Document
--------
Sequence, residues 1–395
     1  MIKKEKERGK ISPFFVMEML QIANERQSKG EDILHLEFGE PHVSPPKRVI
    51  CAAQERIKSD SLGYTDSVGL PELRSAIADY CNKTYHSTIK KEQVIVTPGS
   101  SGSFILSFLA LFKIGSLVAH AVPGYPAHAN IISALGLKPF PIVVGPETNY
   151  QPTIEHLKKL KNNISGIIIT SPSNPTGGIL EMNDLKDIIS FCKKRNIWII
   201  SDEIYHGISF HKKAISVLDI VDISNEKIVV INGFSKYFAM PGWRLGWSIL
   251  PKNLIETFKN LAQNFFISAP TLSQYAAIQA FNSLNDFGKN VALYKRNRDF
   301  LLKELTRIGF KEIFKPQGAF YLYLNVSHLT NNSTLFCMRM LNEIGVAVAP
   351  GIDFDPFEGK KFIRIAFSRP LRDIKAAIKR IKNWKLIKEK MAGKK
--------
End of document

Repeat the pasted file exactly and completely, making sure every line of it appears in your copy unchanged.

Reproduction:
Sequence, residues 1–395
     1  MIKKEKERGK ISPFFVMEML QIANERQSKG EDILHLEFGE PHVSPPKRVI
    51  CAAQERIKSD SLGYTDSVGL PELRSAIADY CNKTYHSTIK KEQVIVTPGS
   101  SGSFILSFLA LFKIGSLVAH AVPGYPAHAN IISALGLKPF PIVVGPETNY
   151  QPTIEHLKKL KNNISGIIIT SPSNPTGGIL EMNDLKDIIS FCKKRNIWII
   201  SDEIYHGISF HKKAISVLDI VDISNEKIVV INGFSKYFAM PGWRLGWSIL
   251  PKNLIETFKN LAQNFFISAP TLSQYAAIQA FNSLNDFGKN VALYKRNRDF
   301  LLKELTRIGF KEIFKPQGAF YLYLNVSHLT NNSTLFCMRM LNEIGVAVAP
   351  GIDFDPFEGK KFIRIAFSRP LRDIKAAIKR IKNWKLIKEK MAGKK